Animating Characters in After Effects and Maya: Part 1

January 12, 2016



There were a lot of things I’ve picked up over the past couple projects that I wanted to share. It’s a bit of the process and includes After Effects expressions and using hotkeys for animating in Maya. This first part details how I animated the characters in our show: Grossology and You. You can see a trailer for this show on Fulldome Database:


Much of what is posted here can be found in the Digital Tutors series Rigging and Animating 2D Characters in After Effects by Dan Gies, which can be found here:


At the start of the Grossology and You process, we wanted to make sure I had enough time to animate the characters. We went with a game show type format, which meant we’d need multiple characters representing contestants, a show host, and a character for the audience to identify with. Two ways for us to help lighten the load on my end were to have a limited amount of time we’d see the characters, and to make them very simple in rigging. The lessons we learned through Solar System Odyssey really drove these points home. I spent roughly 3-4 weeks sketching, modeling, texturing, and rigging each of the three characters with The Setup Machine 2 and the Stop Staring method for the faces. Unfortunately, this caused the time allowed for animating to be crunched, and sadly, the work put into the character’s faces was unused along with unpolished body animation. In total, there were roughly 15 minutes of character animation in the show with a minimum of 3 characters on screen at all times. It was from this lesson that we made sure Grossology and You had a significantly smaller amount of time spent with the characters, and they would have only what’s needed in terms of rigging.




For Grossology and You, I had the pleasure to work with the artist for the Grossology book series, Jack Keely. Jack sketched up character designs for us, and when they were finalized sent them my way to get rigged.


The process for the rigging was mostly straight-forward. I used Dan Gies’ tutorial on Rigging and Animating 2D characters, and adapted it for the simpler drawings (his tutorial also included things like animating bump maps IIRC which I didn’t opt for using). The character’s body (in this case Boogie) was rigged using DuIK.


A major expression used in this process is to parent Puppet Pins to Nulls. Here is the expression:


n=(pickwhip null of choice);




And an example from Boogie:



What this allows is the use of DuIK to create the Inverse Kinetics used to control the puppet pins. It also allows for other fun ways to control the character.


I worried that seeing 2D animated characters on the dome might not be that interesting to watch for long periods of time, so I decided to have a lot of secondary animation to keep it interesting. I also wanted it to be automated for the most part, to help save me time. Using the nulls controlling puppet pins, I could accomplish a very basic sense of secondary motion by having the movement delayed.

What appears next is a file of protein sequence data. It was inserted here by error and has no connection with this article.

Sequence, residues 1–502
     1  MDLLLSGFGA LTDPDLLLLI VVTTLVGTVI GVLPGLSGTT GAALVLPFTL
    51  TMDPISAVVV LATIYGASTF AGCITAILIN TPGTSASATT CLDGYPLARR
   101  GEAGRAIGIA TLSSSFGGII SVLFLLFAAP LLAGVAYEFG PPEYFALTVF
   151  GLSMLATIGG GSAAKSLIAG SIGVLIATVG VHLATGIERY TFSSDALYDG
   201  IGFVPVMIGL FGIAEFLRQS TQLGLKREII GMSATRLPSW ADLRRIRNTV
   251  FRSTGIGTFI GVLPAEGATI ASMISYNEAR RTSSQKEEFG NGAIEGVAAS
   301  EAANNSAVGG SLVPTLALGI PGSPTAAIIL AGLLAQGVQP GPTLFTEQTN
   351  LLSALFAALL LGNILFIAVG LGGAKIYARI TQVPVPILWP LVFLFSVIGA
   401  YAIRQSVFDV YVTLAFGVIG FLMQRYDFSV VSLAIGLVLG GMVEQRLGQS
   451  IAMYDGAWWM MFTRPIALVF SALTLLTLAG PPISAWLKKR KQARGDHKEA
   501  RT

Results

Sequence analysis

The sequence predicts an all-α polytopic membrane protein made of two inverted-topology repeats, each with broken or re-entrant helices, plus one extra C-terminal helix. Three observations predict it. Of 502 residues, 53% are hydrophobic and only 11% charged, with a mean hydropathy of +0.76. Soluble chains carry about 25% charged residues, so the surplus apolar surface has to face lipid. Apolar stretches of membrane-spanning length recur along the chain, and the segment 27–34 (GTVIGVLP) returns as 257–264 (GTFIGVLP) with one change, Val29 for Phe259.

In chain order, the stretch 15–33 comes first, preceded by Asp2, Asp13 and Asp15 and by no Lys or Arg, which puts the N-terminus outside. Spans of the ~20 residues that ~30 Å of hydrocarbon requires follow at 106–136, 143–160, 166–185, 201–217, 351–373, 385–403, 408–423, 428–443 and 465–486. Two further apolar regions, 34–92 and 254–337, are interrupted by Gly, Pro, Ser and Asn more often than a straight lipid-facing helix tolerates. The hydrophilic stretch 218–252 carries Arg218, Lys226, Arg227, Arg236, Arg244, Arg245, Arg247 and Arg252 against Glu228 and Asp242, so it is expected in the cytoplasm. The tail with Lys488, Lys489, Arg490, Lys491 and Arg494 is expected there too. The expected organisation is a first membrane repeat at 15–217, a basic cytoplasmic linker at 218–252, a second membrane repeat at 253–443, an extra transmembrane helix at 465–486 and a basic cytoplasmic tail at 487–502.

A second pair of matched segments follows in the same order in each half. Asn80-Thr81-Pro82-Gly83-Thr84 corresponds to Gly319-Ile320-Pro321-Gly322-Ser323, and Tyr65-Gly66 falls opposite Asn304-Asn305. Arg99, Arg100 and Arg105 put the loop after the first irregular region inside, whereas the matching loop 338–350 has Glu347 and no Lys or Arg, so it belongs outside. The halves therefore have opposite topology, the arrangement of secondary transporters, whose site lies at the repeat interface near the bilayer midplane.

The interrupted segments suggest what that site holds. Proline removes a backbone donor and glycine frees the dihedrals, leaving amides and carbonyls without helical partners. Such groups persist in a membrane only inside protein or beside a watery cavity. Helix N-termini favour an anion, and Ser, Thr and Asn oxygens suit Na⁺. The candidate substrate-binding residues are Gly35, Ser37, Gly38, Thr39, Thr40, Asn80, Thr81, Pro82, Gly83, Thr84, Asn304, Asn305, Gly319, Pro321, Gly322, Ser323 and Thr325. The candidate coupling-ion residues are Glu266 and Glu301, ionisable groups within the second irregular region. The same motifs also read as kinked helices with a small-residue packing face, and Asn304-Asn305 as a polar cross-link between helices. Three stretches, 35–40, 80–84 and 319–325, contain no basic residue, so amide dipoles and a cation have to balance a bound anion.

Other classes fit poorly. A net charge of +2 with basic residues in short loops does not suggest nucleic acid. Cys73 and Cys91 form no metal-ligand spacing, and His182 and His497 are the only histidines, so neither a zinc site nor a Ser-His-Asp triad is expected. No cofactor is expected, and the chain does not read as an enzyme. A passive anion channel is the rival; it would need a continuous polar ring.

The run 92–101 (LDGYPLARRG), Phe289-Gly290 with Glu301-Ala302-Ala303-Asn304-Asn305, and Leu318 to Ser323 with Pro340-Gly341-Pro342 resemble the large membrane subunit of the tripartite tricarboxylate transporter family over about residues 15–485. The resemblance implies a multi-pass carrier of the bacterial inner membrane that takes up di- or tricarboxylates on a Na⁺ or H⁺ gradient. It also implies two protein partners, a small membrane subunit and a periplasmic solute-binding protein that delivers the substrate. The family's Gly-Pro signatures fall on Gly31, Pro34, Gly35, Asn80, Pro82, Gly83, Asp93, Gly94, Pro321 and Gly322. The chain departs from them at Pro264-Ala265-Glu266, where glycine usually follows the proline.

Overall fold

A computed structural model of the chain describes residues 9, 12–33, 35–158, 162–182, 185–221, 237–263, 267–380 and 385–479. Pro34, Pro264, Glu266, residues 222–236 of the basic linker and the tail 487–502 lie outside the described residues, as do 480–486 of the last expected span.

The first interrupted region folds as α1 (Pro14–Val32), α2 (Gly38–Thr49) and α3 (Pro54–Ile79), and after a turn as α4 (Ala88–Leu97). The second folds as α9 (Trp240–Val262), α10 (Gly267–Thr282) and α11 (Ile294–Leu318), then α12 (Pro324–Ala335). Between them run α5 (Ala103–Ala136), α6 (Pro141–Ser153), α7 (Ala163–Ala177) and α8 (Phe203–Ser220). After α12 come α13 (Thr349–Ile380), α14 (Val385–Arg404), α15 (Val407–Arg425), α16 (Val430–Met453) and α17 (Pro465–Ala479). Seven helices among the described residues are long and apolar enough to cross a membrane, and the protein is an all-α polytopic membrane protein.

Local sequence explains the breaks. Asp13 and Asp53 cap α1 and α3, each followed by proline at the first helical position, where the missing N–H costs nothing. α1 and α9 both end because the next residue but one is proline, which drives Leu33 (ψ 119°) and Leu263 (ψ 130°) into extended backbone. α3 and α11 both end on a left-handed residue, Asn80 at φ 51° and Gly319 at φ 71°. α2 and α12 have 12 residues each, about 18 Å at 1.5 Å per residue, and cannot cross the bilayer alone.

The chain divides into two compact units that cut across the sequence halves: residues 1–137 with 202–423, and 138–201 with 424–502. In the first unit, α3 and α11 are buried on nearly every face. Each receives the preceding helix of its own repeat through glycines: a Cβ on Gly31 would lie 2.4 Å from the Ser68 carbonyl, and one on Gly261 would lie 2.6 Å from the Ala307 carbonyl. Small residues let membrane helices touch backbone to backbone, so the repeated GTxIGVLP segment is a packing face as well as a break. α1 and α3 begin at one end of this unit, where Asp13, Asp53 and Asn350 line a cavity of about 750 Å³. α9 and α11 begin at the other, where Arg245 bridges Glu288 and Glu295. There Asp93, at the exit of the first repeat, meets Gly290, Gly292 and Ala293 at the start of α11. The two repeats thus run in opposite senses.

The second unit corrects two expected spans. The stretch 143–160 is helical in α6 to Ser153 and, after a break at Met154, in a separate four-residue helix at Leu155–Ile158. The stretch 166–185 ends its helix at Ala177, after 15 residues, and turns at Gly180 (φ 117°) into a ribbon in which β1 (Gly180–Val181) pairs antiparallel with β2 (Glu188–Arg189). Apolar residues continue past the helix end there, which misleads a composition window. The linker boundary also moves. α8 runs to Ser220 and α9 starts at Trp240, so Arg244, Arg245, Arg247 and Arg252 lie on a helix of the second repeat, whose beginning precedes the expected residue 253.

I took the Null controlling the Puppet Pin and used a frame delay expression to “parent” it to another null. Here’s the expression:


cX=thisComp.layer(“null of choice”);


cY=thisComp.layer(“null of choice”);








I can then parent that controlling null to whatever I’m animating the position of, in this case Boogie’s head:



On my next post I’ll talk about what I did for tackling the characters in our newest show, Take Flight!

Don’t call me Hurl-ey

June 8, 2009

I’ve been working on a scene in our new production Magic Tree House, and experimented with some camera movements. I’ve learned from the great Eric Knisley that you need to be very careful with motions of the camera, since sickness and disorientation can come very quickly in the dome environment. When I asked how you can prevent nausea from occurring in camera moves, Eric would explain it with one word: Stately. The classic entrance of the couple or girl coming down those large ballroom steps in those old movies was what came to mind after hearing that. Time to put it into practice! Here are two different approaches I took to this scene where we enter the treehouse for the first time. The first test was imagining the camera was attached to the head of the person. I thought that perhaps the reason why people would get sick was the combination of both rotation and positional translation of the camera.

Although I didn’t get very sick with it, the people I showed it too here did get sick while watching it. Maybe it was all those FPS games that I played for long hours that allowed me to get used to it. Also that I was the one who actually made it so I knew when motions were going to happen. Either way it wasn’t very successful for a larger audience. It may seem like its not so bad in the video while watching it on a flat screen, everyone really seemed to notice it in the dome.

So knowing that I was needing to tone it down a lot, I abandoned the idea that the camera was attached to the head of a person ascending the ladder. I made the camera move a smooth motion that was floating through space. Even though I miss the idea of making the motion more organic, everyone who was sick from the first example were much happier with this new one.

If anyone has any insight to their own experiences with camera moves in dome space, please feel free to share what you know by either leaving a comment or dropping me an email!